Even if your license and everything is in order there are some things that will surely land you a fine.  Things like driving without a helmet, blowing a red light or blatant disregard for road safety will not give you the chance to argue your situation.  You are better off apologizing profusely and politely before following the rest of the steps and then paying up all the while telling the officer that you will never do that again.


  1. speaking about corruption, corruption in indonesia is nothing compared to the corruption in the west. the only difference is that corruption here is “detectable” in almost every aspect of daily living. while in the west, corruption is done in “secret” by higher level government officials partnered with huge corporations so lay people can’t even come close to sniffing it. inflation in the west, for example, is the biggest tax scam known to modern civilization, and you have no control over it. here at least you can pay your way out which also means you could “buy out” the system. i say paradise is, indeed, paradise after all.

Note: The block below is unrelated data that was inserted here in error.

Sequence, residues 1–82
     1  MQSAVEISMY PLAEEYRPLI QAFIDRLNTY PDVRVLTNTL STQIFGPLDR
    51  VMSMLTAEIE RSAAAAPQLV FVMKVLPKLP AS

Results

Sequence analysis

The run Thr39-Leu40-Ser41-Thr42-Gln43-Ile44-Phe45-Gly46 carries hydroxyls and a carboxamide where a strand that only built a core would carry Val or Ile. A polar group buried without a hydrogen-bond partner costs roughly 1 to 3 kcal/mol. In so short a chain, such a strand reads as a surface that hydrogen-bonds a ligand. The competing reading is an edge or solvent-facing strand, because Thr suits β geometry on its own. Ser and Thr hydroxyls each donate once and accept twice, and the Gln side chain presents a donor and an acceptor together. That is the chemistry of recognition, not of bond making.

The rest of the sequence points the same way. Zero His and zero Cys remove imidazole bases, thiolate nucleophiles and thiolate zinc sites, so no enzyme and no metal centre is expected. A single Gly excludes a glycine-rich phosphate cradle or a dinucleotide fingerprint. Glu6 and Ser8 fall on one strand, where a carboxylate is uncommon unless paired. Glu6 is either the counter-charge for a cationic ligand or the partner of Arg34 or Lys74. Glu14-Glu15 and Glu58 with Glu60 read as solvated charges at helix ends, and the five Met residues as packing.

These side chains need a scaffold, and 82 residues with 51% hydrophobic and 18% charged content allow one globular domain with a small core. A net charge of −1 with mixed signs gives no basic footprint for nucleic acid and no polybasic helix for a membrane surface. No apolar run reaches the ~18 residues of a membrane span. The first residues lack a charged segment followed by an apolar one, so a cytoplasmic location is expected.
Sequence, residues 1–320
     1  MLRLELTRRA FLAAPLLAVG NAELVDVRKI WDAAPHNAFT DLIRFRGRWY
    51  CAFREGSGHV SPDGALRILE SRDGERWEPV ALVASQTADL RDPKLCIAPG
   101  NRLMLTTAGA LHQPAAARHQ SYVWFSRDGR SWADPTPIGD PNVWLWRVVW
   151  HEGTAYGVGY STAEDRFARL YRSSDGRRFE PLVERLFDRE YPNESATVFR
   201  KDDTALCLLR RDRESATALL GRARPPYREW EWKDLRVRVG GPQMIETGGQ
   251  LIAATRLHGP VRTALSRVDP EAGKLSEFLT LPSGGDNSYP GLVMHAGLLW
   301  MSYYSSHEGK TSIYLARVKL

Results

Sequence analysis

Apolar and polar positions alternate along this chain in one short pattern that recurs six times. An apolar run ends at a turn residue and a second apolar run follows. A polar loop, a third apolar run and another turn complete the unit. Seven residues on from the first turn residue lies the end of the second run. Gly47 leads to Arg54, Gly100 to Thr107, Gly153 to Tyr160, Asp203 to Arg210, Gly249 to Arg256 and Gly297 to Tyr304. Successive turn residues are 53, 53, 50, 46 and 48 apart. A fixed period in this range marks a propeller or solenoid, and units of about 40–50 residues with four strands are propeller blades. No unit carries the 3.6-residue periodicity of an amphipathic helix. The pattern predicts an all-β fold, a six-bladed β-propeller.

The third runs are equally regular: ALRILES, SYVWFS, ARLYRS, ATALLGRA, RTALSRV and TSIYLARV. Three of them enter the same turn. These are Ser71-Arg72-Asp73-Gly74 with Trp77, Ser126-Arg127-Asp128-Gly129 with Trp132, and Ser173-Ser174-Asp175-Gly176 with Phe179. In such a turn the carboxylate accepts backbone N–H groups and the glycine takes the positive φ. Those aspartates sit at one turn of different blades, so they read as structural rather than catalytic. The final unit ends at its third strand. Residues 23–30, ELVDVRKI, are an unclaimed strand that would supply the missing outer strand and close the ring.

2. That is true, and that is exactly the point. Most westerners don’t ever have to confront corruption face to face, so they generally don’t know how to handle it and freeze up in the face of it, like during a traffic stop in Bali. Hope fully this information will make things easier.

  3. Maybe things have changed but when I lived there between 2003-2005 I did use a proper Indonesian license. There are / were 2 types – the one for tourists you can get in Denpasar and is good for 2 weeks I think. For long term I went to the police station in Kerobokan there was a bit of a wait but eventually got my license. After that never a problem never a request for a dash. Even the notorious stops in Seminyak would take one look at the license and flag me through. Maybe for the tourist its not worth it, but for long term residents – why not just get a license like you would do in any other country?